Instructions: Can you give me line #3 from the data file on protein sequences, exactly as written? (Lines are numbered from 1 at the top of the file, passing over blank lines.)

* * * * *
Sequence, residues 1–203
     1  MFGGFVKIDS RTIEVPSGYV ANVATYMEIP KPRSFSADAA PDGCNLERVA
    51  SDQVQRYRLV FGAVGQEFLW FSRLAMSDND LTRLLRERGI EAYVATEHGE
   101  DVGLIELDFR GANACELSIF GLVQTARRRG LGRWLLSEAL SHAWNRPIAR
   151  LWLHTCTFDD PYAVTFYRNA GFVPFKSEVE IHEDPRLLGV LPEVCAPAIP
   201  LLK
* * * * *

    51  SDQVQRYRLV FGAVGQEFLW FSRLAMSDND LTRLLRERGI EAYVATEHGE